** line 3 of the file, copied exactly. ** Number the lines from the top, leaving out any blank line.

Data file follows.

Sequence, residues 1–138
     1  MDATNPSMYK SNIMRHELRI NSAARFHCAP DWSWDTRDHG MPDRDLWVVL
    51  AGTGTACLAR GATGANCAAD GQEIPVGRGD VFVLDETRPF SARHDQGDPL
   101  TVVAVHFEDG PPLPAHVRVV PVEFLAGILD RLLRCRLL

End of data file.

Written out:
    51  AGTGTACLAR GATGANCAAD GQEIPVGRGD VFVLDETRPF SARHDQGDPL